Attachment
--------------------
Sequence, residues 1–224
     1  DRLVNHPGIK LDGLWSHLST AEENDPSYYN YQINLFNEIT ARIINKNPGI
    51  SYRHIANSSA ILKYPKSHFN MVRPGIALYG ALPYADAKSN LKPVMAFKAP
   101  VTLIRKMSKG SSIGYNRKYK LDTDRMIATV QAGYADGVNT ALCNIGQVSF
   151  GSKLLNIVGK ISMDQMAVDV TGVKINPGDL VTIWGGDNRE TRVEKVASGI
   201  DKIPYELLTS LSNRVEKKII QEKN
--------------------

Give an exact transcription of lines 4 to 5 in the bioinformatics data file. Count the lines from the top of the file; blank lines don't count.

   101  VTLIRKMSKG SSIGYNRKYK LDTDRMIATV QAGYADGVNT ALCNIGQVSF
   151  GSKLLNIVGK ISMDQMAVDV TGVKINPGDL VTIWGGDNRE TRVEKVASGI